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September 18, 1990


The opinion of the court was delivered by: Nickerson, District Judge:


This action arises from an order under 21 U.S.C. § 881(a)(7) of the Comprehensive Drug Abuse and Control Act of 1970 authorizing seizure of a condominium alleged to have been used to "facilitate" two cocaine sales. Claimant Edward Levin moves to dismiss the complaint. The United States cross-moves for summary judgment.

Levin argues that his property was not used to "facilitate" a drug transaction under § 881(a)(7) and that the forfeiture would violate his rights under the Eighth Amendment and the Double Jeopardy and Due Process clauses of the Fifth Amendment to the United States Constitution.


The critical facts are undisputed.

Levin, the owner of the condominium, was arrested for three sales of cocaine to undercover agents. On July 6, 1988, a confidential informant and a Suffolk County police officer, Joseph Emiddio, went to Levin's home and bought one and one half grams of cocaine for $150. Levin says that the confidential informant requested that the sale take place in the condominium. According to Emiddio, Levin produced a half-gram packet of cocaine from a bowl in his kitchen cabinet. The second sale took place on July 20, 1988, also at Levin's home. Emiddio paid Levin $100 for a plastic vial containing one gram of cocaine, which Levin produced from the second floor of the premises. Another sale, not at issue in this proceeding, took place in Levin's car.

During the next ten weeks Emiddio called Levin several times per day to arrange further drug transactions, but Levin was unwilling. Levin also states Emiddio was aware that he had a minor drug habit, and that the small amounts of drugs Emiddio saw were clearly for Levin's personal use.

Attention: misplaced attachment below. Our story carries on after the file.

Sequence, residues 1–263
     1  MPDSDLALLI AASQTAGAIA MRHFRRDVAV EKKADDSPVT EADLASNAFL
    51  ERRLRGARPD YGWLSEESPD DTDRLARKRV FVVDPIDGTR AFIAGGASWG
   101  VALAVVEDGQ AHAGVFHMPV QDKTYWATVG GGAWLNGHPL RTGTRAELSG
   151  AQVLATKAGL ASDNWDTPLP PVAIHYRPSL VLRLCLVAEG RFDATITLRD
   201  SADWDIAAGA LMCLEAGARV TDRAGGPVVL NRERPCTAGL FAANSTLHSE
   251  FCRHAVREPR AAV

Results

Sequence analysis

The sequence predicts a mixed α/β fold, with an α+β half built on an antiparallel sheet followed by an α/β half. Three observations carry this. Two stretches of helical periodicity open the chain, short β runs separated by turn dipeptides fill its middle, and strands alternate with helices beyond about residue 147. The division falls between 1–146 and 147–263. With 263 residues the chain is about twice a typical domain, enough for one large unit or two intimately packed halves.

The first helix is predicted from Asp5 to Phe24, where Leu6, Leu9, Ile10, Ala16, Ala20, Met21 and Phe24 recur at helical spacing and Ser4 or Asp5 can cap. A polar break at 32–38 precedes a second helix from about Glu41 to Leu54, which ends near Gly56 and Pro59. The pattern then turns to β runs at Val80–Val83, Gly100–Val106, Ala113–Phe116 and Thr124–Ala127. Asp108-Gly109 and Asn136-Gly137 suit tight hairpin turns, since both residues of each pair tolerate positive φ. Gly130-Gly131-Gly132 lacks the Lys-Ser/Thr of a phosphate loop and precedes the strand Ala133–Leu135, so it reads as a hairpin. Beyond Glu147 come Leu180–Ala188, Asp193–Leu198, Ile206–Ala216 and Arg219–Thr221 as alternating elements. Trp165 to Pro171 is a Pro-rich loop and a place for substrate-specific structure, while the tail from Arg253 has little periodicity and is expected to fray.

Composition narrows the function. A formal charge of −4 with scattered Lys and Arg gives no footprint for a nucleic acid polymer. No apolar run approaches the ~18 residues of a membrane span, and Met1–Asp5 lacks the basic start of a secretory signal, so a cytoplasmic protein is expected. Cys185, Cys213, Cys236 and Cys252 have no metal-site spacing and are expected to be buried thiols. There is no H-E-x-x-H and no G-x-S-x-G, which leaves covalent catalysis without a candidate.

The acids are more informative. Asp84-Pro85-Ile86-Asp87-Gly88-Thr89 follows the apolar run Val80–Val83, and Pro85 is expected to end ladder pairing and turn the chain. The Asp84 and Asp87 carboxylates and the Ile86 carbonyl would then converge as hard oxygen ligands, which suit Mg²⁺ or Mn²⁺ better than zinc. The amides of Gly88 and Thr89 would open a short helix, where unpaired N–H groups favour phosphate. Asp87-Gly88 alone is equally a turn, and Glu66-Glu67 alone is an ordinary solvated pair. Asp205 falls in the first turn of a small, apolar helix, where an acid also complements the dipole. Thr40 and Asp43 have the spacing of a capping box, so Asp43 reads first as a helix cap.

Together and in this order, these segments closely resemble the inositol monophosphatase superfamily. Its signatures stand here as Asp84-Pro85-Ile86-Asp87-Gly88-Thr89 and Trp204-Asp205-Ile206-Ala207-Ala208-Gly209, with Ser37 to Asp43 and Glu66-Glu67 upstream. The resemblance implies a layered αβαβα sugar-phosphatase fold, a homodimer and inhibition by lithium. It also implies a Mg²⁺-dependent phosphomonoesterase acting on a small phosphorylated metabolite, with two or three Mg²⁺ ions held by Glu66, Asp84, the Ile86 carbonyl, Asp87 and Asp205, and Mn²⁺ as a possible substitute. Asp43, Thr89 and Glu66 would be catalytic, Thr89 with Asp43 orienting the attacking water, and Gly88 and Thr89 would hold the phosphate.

Immediately upon his arrest in October 1988 on charges of criminal sale of a controlled substance in violation of § 220.39.1 of the New York Penal Law, Levin cooperated with the Suffolk County Police, acting as intermediary in another narcotics sale held at the condominium at Emiddio's direction.

A search of the premises disclosed no drugs, weapons, or other evidence of drug trade. The United States seized the premises on November 4, 1988. In March 1989, Levin pled guilty to one count of attempted criminal sale of a controlled substance in the third degree, pursuant to Section 110.05 of the New York State Penal Law.

Since the seizure Levin and a friend have continued to reside at the premises under an "Occupancy Agreement" with the government.


The statutory provisions relating to drug abuse prevention and control are contained in 21 U.S.C. § 801-971. Section 853 provides for criminal forfeiture from those convicted under the statute. Section 881 provides for civil forfeiture, and section 881(a)(7), the subsection at issue here, in pertinent part, makes "subject to forfeiture to the United States":

  All real property, including any right, title,
  and interest . . . in the whole of any lot or
  tract of land and any appurtenances or
  improvements, which is used, or intended to be
  used, in any manner or part, to commit, or to
  facilitate the commission of, a violation of this
  title punishable by more than one year's
  imprisonment . . .